As the first shoots of daffodils appear through the top of the soil, apply a well-balanced granular bulb fertilizer to the soil surface. This will provide a boost of nutrients to the bulbs just as they begin to set their blooms.
For best results, use a fertilizer that is somewhere in the 3-5-3 to 5-5-10 Nitrogen, Phosphorus, Potassium (NPK) range. These lower amounts are exactly the range bulbs need most, supplying needed energy, but without overpowering them. Product Link : Espoma Bulb Food
If you do opt to fertilize in the fall, apply the fertilizer late in the season. Again, use a well-balanced granular bulb fertilizer. Fertilize late, when plants can no longer grow. Fertilizing too early in the fall or in late summer can promote late season growth that can leave the bulbs susceptible to winter damage.
Dividing Overgrown Plants – What To Do With Daffodils After They Bloom
One of the best attributes to daffodils is that they truly are one of the lowest-maintenance plants around. Unlike many other bulbs, they can remain in the ground over winter, all without the worry of freezing out in most climates.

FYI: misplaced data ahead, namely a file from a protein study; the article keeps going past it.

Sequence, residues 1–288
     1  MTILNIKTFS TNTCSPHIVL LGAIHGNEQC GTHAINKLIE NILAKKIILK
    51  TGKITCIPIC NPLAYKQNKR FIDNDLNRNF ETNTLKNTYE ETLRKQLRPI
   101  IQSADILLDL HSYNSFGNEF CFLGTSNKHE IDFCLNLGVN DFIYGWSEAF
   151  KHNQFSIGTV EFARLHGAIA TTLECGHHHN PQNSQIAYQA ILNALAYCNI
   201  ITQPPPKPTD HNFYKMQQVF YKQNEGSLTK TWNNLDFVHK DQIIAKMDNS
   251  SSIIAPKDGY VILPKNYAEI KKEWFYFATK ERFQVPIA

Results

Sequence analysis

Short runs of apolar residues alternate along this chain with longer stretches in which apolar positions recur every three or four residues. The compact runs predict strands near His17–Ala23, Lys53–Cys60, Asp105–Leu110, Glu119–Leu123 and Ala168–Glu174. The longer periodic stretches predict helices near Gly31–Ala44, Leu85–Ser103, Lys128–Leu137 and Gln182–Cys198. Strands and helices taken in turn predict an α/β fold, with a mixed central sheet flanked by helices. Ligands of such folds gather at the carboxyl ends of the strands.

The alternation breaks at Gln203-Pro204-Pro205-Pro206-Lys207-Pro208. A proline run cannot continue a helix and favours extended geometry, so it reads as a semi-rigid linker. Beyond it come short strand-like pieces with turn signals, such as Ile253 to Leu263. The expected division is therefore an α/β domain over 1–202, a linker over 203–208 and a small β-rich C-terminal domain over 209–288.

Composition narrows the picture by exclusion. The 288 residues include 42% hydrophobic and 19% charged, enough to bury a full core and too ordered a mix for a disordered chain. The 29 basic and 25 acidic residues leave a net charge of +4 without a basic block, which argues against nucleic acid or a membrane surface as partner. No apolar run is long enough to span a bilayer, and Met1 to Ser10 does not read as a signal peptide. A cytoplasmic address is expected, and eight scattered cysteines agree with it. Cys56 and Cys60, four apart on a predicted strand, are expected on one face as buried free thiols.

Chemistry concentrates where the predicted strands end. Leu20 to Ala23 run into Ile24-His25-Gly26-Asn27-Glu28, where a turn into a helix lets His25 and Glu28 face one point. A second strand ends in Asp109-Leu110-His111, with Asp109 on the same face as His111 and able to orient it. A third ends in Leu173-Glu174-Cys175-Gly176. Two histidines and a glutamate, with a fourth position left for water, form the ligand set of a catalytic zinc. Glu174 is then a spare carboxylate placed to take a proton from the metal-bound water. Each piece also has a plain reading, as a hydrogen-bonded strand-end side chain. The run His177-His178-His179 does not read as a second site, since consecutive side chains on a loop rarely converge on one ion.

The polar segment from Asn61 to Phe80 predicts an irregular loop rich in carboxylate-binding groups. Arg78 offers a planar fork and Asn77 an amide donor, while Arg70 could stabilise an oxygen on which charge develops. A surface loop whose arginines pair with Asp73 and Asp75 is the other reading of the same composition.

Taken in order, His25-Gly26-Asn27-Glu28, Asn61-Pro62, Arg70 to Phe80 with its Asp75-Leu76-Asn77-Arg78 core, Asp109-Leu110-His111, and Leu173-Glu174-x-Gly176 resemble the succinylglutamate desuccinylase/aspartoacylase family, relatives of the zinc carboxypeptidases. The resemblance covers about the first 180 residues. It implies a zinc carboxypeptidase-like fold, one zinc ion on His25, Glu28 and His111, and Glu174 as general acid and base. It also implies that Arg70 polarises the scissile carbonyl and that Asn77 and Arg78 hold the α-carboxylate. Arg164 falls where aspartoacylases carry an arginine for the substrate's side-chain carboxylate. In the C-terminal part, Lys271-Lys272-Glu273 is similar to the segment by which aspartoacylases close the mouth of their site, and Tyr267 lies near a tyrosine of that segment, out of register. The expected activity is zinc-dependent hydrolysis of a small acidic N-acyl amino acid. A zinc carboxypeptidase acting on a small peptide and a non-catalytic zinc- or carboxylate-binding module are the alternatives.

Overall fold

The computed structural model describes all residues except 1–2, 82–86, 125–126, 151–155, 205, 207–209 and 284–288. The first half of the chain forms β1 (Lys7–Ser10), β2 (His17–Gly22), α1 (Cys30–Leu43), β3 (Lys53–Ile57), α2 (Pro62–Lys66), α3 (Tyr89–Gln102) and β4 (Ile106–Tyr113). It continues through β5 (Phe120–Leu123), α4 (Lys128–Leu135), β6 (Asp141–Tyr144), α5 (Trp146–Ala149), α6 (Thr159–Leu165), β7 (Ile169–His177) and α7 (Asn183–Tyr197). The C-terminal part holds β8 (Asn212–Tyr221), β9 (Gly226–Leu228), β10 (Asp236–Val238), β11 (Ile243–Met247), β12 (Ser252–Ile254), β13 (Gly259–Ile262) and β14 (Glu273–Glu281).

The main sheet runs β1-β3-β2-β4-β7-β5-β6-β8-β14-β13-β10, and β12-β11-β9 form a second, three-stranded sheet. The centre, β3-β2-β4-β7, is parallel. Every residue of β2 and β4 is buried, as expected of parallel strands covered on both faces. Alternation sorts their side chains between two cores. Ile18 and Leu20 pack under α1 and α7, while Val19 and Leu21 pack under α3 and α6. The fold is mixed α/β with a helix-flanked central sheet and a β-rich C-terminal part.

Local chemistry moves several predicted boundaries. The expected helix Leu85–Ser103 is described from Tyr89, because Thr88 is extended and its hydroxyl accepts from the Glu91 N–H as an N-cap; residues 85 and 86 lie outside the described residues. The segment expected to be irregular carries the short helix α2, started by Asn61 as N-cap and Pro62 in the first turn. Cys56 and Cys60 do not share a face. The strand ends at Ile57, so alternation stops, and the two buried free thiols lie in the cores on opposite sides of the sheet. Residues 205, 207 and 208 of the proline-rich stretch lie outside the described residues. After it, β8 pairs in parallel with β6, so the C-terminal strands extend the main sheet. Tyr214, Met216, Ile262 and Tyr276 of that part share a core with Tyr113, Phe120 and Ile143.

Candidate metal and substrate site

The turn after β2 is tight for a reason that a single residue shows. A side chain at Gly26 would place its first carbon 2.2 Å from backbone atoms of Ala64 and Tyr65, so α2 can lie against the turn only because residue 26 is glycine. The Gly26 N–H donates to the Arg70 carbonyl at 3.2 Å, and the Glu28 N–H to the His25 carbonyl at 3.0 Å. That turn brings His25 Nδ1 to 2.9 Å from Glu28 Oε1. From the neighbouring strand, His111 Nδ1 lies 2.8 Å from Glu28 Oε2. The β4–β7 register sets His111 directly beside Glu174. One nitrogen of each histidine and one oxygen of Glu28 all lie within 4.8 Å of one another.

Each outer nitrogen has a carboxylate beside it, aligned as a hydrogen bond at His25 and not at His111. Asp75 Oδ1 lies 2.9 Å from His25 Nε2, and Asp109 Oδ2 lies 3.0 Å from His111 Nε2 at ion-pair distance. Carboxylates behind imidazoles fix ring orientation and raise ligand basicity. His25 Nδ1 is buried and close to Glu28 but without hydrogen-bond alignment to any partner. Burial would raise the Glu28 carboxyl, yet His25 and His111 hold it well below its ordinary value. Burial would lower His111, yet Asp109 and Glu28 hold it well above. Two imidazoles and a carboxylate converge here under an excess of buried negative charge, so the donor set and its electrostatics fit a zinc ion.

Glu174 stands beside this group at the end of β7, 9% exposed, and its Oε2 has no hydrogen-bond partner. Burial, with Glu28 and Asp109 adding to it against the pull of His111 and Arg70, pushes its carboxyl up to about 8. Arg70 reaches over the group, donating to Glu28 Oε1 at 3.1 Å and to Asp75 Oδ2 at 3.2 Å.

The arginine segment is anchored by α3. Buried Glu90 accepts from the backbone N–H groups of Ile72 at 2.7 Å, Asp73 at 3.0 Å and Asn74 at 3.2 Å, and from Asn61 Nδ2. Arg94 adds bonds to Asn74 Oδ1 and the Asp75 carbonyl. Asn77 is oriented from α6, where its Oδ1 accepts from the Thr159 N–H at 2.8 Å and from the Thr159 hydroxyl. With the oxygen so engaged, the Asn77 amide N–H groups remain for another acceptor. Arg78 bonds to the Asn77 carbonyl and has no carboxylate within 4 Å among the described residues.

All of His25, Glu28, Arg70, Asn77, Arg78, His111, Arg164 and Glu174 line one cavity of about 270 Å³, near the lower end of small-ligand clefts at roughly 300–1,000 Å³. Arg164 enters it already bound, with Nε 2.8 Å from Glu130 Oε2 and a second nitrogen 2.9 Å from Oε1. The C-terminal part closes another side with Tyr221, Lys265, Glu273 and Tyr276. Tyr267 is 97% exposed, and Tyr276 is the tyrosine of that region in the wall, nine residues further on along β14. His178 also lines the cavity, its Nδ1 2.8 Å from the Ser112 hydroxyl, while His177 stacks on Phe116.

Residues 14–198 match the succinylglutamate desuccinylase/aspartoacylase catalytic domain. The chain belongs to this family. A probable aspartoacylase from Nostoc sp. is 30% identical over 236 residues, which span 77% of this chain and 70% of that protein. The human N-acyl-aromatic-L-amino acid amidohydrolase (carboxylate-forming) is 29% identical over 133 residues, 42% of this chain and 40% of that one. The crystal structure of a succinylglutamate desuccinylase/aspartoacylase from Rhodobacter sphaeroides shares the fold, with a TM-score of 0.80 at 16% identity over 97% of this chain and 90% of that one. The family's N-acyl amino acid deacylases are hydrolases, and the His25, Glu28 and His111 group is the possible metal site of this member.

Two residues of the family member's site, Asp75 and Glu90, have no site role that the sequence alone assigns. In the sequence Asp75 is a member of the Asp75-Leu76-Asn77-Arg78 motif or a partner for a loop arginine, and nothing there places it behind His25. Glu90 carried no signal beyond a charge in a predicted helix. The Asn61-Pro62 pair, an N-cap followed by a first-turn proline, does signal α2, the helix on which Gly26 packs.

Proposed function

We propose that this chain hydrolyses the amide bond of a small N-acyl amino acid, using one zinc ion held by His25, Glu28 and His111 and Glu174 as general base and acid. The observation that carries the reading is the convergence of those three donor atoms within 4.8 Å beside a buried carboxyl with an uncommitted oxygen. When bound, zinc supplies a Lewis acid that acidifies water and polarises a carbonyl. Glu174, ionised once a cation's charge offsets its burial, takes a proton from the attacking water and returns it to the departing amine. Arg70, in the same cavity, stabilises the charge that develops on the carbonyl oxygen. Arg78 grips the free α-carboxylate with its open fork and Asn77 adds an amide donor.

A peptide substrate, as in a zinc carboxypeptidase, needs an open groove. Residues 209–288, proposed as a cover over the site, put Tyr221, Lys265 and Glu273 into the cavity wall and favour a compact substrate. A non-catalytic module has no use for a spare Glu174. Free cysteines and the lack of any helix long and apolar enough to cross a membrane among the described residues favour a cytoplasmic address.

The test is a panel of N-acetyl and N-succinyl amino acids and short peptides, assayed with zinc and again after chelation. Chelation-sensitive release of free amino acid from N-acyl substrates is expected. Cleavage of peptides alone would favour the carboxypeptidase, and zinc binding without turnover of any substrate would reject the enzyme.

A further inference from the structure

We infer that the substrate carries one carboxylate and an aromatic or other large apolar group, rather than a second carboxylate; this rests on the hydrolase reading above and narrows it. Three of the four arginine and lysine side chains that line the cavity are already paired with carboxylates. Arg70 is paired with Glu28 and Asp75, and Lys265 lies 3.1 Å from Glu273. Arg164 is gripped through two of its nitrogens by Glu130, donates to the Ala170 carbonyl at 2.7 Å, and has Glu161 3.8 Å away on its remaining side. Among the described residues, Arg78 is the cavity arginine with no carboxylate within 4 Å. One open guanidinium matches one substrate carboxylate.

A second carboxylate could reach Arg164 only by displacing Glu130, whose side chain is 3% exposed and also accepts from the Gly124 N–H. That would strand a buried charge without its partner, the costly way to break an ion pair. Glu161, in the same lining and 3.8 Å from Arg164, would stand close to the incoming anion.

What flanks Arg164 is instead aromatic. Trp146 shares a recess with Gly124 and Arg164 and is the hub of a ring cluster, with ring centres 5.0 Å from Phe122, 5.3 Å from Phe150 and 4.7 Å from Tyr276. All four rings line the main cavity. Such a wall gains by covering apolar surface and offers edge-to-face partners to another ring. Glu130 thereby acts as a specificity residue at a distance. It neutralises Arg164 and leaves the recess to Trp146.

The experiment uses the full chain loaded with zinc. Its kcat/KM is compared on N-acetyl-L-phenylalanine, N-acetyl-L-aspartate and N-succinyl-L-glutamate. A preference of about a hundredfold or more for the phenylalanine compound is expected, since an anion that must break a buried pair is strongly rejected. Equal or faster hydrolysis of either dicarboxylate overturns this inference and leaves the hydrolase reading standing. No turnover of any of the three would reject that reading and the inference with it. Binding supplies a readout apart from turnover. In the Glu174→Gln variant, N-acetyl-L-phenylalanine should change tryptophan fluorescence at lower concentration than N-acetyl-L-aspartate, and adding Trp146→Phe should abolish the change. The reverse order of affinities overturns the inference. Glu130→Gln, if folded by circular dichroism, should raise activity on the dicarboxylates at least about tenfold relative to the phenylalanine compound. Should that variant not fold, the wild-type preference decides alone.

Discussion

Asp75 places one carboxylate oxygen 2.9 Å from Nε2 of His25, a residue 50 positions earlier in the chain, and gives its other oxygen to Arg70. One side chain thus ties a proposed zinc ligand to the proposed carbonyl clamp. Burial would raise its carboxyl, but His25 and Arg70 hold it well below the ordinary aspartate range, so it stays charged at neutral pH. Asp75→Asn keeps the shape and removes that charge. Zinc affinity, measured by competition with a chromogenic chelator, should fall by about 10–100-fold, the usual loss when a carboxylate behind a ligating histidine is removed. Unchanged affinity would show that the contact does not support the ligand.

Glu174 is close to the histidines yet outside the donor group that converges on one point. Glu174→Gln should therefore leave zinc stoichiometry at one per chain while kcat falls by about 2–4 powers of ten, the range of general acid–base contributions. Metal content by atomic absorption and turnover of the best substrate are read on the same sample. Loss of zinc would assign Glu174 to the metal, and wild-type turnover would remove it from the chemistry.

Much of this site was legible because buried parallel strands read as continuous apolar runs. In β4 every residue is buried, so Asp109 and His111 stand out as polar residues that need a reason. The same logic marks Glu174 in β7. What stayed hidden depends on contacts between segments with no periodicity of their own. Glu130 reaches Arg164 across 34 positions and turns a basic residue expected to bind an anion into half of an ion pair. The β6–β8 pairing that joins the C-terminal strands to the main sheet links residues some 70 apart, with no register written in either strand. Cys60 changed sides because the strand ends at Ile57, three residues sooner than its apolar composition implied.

Adding to their allure, they also do not require division as frequently as other bulbs. In fact, most daffodils can go a minimum of three to five years without the need to divide. As slow bulb growers, some can even go as many as ten years or more without any issue at all!
In general, dividing bulbs needs to occur when the either the foliage becomes too dense, or the bloom sets begin to decrease in intensity.
Dividing should take place in the early fall. Dig around the edges of the plant carefully to keep from nicking or damaging any of the bulbs. Next, lay the bulbs out where the sun can help to dry them out for a week or two.
Once the bulbs are dry they will be easy to separate. All that remains is to plant them in the ground in the fall and wait for even more glorious flowers next spring!
For more on fall bulb planting tips, check out “How To Plant Fall Bulbs For Big Spring Color” on the website. Here is to getting the most our of your daffodils this year, and for years to come!